An accessory dwelling unit might be coming to your neighborhood soon. Or maybe later. Or maybe not at all.
That’s just a fact of life in the ADU biz.
The Corvallis City Council on Monday night unanimously approved a series of land development code text amendments that will put the city in compliance with state law on the issue. The key feature of the new law, part of Senate Bill 1051, is that in areas zoned for detached single-family homes, municipalities must allow one ADU for every single-family house.
The ADU, also known as an "in-law" unit, is a tool that in recent years been used infrequently. Corvallis Planning Division records show 45 ADU permits have been issued since 1996. That’s about two per year.
The city is tackling the ADU code work in two phases. The amendments passed Monday night related to their permitted uses in all zones, how to deal with lots with multiple single-family dwellings, minimum lot size requirements, rules on ADUs in business zones and “housekeeping” items that aimed to clarify code language. A second phase will dig a bit deeper (see information box for details).
“I support this phased approach,” said Ward 1 Councilor Penny York.
Responding to concerns that ADUs will not provide needed “family housing” in Corvallis, York said that “we need other types of housing besides family housing. We need a variety. And this is one little tool. It’s a good way for us to start providing more diverse types of housing.”
Ward 2 Councilor Roen Hogg, who had led the fight against ADUs at a heated Dec. 18, 2017, council meeting, accepted the state mandate.
“It’s not optional for us to follow state law,” he said. “This is pretty straightforward.”
But that road forward is riddled with potential potholes. One key question is whether the new state law really means one ADU per single-family lot.
“In short, yes,” said Aaron Harris, the associate planner who presented the staff report.
But could there be circumstances in which there is not enough room to add an ADU or the addition would violate current city code?
“Yes,” said Harris. “All siting standards (setbacks, height, lot coverage, etc.) are still applicable to ADU developments.”
Harris and Community Development Director Paul Bilotta, who also fielded questions at Monday’s hearing, emphasized that there remain questions that the city cannot yet answer.
When Hogg asked a question about how lot-size minimums might affect the process in Corvallis, Bilotta said that he had talked with state regulators about the issue and they noted “that it is a gray area that will be worked out over time.”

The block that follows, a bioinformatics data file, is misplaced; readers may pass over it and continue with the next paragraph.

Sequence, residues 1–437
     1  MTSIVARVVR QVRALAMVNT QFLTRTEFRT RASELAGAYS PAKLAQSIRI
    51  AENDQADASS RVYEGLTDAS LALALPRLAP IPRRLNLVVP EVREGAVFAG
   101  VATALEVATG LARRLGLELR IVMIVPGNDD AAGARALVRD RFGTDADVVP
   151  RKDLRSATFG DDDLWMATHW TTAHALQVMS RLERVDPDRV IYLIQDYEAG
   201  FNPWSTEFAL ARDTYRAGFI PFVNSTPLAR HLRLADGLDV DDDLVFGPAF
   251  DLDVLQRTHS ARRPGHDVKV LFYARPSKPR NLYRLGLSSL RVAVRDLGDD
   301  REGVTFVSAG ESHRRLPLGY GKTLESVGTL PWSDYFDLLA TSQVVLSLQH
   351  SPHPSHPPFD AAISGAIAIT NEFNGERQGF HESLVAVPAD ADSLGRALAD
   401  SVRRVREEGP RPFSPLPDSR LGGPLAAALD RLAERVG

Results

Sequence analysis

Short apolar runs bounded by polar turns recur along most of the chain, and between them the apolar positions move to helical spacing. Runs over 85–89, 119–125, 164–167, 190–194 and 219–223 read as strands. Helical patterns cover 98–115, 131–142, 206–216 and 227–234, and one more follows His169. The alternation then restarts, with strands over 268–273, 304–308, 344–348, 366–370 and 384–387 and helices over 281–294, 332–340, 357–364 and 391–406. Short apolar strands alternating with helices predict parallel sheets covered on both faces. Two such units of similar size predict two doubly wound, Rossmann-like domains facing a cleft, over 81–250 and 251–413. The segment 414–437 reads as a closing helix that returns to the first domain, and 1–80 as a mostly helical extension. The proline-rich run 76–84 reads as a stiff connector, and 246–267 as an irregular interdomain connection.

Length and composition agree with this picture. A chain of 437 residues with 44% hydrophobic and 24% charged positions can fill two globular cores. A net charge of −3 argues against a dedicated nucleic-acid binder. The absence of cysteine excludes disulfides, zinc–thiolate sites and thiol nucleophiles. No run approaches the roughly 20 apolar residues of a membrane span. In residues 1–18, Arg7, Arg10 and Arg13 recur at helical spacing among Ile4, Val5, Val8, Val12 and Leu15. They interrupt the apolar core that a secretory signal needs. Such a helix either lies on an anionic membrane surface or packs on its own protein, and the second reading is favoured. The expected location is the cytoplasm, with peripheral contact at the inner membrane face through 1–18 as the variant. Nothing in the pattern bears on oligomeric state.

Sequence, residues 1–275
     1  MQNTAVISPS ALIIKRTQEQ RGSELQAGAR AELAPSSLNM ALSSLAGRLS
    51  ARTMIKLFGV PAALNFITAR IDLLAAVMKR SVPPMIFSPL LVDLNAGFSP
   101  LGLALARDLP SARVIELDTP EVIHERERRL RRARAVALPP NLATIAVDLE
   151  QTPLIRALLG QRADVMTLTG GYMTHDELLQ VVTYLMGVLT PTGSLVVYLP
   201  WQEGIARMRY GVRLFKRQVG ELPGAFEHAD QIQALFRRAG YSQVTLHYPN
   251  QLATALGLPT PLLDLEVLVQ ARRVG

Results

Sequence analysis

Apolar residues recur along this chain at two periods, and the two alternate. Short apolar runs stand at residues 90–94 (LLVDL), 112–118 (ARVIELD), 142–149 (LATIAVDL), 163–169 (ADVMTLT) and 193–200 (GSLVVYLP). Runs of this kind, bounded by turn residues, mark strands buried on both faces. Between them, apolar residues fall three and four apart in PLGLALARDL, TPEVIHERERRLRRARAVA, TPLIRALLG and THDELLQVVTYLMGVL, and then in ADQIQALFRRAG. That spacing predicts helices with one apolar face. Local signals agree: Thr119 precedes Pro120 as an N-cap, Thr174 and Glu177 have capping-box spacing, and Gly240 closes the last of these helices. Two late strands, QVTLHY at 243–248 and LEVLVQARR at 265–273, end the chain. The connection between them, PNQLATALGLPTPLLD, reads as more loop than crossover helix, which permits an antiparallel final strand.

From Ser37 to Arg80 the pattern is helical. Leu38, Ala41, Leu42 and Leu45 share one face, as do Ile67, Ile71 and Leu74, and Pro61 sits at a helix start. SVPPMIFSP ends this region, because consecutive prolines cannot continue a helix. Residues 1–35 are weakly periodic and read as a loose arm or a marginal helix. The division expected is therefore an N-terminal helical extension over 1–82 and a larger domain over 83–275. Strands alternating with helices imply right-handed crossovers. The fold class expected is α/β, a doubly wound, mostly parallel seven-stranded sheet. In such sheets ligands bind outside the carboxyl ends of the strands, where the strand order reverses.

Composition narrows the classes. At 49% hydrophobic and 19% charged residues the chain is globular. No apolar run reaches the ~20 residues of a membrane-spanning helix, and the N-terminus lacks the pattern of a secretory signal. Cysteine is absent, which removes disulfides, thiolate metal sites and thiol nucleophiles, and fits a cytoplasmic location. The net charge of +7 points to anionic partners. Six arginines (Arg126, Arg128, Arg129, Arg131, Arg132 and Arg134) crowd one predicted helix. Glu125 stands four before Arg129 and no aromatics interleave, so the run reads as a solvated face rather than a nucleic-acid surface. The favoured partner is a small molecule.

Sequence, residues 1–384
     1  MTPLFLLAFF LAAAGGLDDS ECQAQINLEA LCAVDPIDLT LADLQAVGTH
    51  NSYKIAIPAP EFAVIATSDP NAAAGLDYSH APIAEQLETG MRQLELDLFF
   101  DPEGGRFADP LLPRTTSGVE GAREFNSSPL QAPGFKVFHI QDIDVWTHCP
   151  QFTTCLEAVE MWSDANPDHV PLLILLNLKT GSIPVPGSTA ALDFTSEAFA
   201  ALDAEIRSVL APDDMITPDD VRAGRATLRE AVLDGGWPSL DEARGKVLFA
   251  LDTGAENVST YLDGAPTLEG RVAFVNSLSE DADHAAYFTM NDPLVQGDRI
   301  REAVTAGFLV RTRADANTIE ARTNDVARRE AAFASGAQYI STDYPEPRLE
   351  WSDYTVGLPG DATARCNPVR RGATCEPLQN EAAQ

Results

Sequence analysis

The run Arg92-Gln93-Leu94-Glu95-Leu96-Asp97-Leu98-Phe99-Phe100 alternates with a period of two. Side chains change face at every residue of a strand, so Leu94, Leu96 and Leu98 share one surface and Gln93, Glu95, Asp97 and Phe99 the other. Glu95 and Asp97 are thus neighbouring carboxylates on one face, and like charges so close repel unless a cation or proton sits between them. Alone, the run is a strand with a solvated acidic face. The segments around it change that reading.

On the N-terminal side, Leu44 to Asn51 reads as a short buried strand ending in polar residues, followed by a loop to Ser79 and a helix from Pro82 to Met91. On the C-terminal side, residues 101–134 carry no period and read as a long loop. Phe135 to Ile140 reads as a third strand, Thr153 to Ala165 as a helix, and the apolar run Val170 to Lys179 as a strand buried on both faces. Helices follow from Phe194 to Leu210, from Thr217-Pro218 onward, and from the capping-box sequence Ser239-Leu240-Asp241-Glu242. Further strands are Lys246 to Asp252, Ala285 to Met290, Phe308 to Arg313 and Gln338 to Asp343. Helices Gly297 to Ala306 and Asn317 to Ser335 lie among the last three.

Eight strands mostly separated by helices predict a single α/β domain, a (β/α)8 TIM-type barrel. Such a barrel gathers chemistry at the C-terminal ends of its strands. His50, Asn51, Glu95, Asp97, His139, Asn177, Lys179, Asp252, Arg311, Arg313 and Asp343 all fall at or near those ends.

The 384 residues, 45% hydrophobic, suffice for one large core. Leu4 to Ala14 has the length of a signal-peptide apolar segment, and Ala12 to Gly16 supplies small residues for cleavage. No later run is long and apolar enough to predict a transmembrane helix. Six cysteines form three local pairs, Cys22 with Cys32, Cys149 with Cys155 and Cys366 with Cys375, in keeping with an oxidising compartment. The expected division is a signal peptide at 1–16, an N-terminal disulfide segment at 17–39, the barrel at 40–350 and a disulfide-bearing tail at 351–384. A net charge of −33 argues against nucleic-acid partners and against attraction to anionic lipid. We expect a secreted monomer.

Ditto for parking.
“If the parking requirement for the primary dwelling unit is met, no additional off-street parking needs to be provided for the ADU,” Harris said. “The scope of ADU provisions contained in SB 1051 is quite narrow. The provisions do not address parking.”
But the city plans to do just that, noting parking issues will be part of the phase two work. In a city with the parking challenges Corvallis faces, adding two ADUs per year is not going to exacerbate parking headaches … but one in every backyard is a different story.
At that December 2017 meeting, Hogg expressed concerns that loosening the city’s ADU rules would lead to five-bedroom houses in backyards and more of the traffic, congestion and other livability issues that have posed challenges in neighborhoods near the Oregon State University campus.
Harris, however, said that 900 is the ADU maximum square footage allowed by city code, with smaller ADUs required depending on the size of the main house. Nothing in SB 1051 requires the city to change that policy.
And given that kitchens and bathrooms are required in all ADUs, a backyard unit of more than two bedrooms is extremely unlikely.
“Staff is not aware of any recent ADU proposals for an ADU with more than two bedrooms,” Harris said. but he noted: “In theory, an ADU could be developed with more than two bedrooms.”
The new law is one of a series of measures the Legislature has passed in the past two years in an effort to ease the housing supply shortage and hopefully keep housing prices from continuing to skyrocket.
In the 2016 short session, lawmakers passed bills allowing construction excise taxes and inclusionary zoning and limited voter-approved annexation. In the 2017 full session, the Legislature added SB 1051, which addresses affordability criteria, density, accessory dwelling units, the review period for development applications and the standards municipalities use when considering housing development.
The city began its review of its ADU policies in October 2017, with the Planning Commission passing the changes on a 3-2 vote last month. Both commissioners who opposed the changes, Tom Jensen and Susan Morré, were among the four residents who raised questions about the city proposal during Monday’s public hearing.
Jensen noted that the ADU rules could potentially double the density of some residential zones and “lower the quality of life.”
Morré aired concerns about the fact that paved patio space counts as “green area,” meaning that an ADU could be constructed right up to the concrete.
“An ADU can be built up to the edge of a green area,” Harris said. “Any ADU would also be subject to the applicable zone’s lot coverage standard, which varies by zone.”
Jensen and Morré chose not to identify themselves as members of the Planning Commission when they testified, a matter clarified by York during council questioning of Morré.